Resisting Critical Race Theory
But some school districts and county boards of education are resisting the CRT tsunami. In July and August of 2021, the Orange County Board of Education held two educational forums, involving expert testimony and public comment, to expose what CRT really is, its connection to liberated ethnic studies, and the effects of its implementation in schools. Izumi, Wu, and Richards write that these “were the first such events sponsored by an elected educational body in the country.”
In August 2021, the Paso Robles Joint Unified School District board voted to ban CRT’s teachings from its classrooms. The resolution lists thirteen specific elements and doctrines of CRT that “cannot be taught” in the district’s schools, including:
- that “only individuals classified as ‘white’ people can be racist because only ‘white’ people control society,”
- that “an individual, by virtue of his or her race or sex, is inherently racist and/or sexist, whether consciously or unconsciously,”
- and that “individuals are either a member of the oppressor class or the oppressed class because of race or sex.”
Temecula Valley School District’s board passed a very similar resolution banning the same CRT elements and doctrines in December 2022. It notes that “Critical Race Theory assigns generational guilt and racial guilt for conduct and policies that are long in the past.” The resolution also states that the board “desires to uplift and unite students by not imposing the responsibility of historical transgressions in the past and will instead engage students of all cultures in age-appropriate critical thinking.”
Critical race theory is still being infused into schools throughout California and across America, but school board trustees and parents aren’t letting it go unchallenged. Parents, grandparents, and concerned citizens can take action in the following ways:
- Find out what curriculum is being taught in your neighborhood’s schools by filing a Public Records Act (PRA) request. Public schools are government-run, government-funded entities. Therefore, they are legally obligated to comply with records requests, and this extends to the curriculum they implement. See CPC Parent Union’s guide to filing a PRA request for help getting started.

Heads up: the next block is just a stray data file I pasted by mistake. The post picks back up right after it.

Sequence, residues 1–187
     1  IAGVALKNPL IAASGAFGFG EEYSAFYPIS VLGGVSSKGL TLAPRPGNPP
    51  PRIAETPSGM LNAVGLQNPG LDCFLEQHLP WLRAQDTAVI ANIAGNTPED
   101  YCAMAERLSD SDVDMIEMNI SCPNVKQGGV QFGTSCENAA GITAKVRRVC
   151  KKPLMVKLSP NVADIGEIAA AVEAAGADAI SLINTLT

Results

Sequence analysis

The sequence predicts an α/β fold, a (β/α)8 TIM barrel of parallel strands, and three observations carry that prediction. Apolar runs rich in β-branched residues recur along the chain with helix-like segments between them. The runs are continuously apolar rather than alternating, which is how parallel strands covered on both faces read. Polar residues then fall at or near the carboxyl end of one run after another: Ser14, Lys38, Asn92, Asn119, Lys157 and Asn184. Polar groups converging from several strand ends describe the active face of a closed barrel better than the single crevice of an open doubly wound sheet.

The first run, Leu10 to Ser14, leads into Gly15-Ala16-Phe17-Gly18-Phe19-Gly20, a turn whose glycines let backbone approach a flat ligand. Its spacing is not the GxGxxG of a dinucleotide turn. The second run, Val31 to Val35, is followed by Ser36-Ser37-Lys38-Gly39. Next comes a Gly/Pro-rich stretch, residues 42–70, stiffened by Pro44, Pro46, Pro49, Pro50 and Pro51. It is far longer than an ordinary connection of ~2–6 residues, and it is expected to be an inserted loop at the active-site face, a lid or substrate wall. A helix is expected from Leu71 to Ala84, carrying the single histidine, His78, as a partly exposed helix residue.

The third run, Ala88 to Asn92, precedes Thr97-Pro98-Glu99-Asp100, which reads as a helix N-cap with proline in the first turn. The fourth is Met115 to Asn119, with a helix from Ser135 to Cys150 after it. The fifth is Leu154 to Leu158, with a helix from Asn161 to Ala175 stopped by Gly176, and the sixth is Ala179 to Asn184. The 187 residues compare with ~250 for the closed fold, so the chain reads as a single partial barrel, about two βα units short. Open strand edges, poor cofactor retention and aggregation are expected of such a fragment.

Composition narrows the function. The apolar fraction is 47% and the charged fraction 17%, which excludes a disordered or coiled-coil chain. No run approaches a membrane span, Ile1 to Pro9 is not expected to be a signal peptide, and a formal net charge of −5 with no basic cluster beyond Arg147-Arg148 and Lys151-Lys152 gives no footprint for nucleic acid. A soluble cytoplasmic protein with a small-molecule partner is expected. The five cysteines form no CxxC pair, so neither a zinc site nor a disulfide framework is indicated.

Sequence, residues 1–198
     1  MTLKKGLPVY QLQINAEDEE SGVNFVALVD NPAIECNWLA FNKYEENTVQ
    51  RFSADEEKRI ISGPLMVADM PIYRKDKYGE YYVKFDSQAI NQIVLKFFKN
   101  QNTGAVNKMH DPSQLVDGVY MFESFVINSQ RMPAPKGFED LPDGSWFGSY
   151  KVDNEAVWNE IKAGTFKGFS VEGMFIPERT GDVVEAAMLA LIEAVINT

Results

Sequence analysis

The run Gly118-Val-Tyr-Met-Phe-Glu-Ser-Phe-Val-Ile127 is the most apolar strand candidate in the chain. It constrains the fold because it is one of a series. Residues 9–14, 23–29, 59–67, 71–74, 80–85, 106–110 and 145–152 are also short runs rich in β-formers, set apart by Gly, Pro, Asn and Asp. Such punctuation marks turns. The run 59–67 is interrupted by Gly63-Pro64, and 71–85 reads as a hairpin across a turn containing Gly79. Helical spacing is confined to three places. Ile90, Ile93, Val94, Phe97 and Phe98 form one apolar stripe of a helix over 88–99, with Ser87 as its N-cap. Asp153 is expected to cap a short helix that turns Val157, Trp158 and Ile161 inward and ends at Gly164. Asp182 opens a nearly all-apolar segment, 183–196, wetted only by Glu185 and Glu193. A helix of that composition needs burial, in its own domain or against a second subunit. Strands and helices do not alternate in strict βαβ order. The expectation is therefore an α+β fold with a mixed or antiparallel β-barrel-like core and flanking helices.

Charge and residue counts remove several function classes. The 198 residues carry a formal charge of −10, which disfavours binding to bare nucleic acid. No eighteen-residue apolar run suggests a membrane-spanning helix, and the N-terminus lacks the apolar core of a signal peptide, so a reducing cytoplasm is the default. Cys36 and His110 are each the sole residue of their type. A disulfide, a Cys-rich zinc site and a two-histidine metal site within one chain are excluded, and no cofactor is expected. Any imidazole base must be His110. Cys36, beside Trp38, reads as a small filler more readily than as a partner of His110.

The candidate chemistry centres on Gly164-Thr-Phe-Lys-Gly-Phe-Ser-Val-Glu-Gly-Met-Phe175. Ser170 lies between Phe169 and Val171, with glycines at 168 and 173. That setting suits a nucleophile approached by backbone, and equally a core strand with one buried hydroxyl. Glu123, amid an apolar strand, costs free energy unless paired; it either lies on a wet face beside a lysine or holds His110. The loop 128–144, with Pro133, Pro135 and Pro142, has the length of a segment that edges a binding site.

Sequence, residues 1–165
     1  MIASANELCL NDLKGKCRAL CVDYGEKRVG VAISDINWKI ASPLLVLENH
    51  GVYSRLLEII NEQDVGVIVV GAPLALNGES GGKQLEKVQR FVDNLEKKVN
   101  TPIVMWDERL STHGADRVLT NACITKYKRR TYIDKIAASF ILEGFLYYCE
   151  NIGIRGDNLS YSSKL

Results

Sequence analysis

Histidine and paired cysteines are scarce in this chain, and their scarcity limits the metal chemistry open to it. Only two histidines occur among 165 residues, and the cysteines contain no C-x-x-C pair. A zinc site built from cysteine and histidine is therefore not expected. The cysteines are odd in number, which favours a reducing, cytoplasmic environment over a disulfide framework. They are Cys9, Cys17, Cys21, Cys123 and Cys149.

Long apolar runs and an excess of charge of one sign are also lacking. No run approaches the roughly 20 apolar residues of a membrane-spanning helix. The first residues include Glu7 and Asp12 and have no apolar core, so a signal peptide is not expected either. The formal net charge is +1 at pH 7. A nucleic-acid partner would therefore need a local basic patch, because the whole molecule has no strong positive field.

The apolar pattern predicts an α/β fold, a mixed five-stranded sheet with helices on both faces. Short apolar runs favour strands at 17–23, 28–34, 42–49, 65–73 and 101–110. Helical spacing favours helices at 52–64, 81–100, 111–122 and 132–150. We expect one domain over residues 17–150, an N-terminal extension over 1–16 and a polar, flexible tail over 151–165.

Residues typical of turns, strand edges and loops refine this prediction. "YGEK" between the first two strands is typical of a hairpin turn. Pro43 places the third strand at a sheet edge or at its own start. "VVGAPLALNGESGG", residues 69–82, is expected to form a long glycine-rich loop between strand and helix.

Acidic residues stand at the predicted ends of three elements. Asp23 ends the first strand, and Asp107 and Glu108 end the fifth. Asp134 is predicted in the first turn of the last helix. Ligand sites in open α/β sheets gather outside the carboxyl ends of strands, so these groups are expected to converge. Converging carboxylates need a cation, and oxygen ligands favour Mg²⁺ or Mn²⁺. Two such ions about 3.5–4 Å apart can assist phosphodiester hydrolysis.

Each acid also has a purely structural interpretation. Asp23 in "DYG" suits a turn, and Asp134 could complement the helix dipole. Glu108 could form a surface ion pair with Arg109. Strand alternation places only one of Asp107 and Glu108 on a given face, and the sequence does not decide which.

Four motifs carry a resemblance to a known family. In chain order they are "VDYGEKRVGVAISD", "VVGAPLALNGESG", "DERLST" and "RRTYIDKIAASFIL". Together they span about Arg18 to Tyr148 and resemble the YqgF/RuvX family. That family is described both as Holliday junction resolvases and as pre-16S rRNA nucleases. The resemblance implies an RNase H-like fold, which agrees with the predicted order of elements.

- Monitor your children’s assignments and textbooks they bring home. Some buzzwords in the curricula that point to liberated ethnic studies and CRT are restorative justice; social justice; white privilege; radical healing; intersectionality; implicit bias; and dominant narratives. Wenyuan Wu at the Californians for Equal Rights Foundation has published a helpful resource for identifying CRT. Common denominators of CRT instruction are that: 1) race is front and center, 2) Most observed adverse outcomes in our society are attributed to institutional or systemic racism, and 3) Students and participants are often called to engage in political calls for action and activism.
- If you want to engage with your school district about what’s being taught in your community’s classrooms, check out CPC Parent Union’s resource on how to hold your school board accountable.
- It’s also crucial to remain aware of legislation coming out of Sacramento that affects schools throughout the state. To learn about how to be an effective advocate during the legislative session, don’t miss this in-depth guide on how to influence the legislative process. Concerned citizens can also connect with advocacy groups like the Alliance for Constructive Ethnic Studies (ACES), which has spearheaded efforts to educate voters and school board trustees, and lobbies the legislature concerning ethnic studies legislation. The Californians for Equal Rights Foundation is another California-based group pushing back against CRT.
- Vote! Izumi, Wu, and Richards note that from 2014-2019, voter turnout for school board elections in America ranged from 5 to 10 percent. While turnout seems to have increased slightly since 2019, it is still critical for concerned parents to show up at the ballot box. School board members make decisions about the curricula used in your schools, and you get a say in who sits on the school boards because they’re elected positions.
When expressing your concern or frustration about CRT at school board meetings or with teachers, school administrators, and fellow parents, remember that you aren’t alone. While CRT claims to be the enlightened, tolerant position, you know enough about it to see through its deception. By being aware of CRT’s tenets and doctrines, you will be equipped to identify its harmful messages, and you can prepare your children to do the same.
Sheridan Swanson is Research Manager at the California Policy Center.
The Great Parent Revolt: How Parents and Grassroots Leaders are Fighting Critical Race Theory in America’s Schools by Lance Izumi, Dr. Wenyuan Wu, and McKenzie Richards is available on Amazon.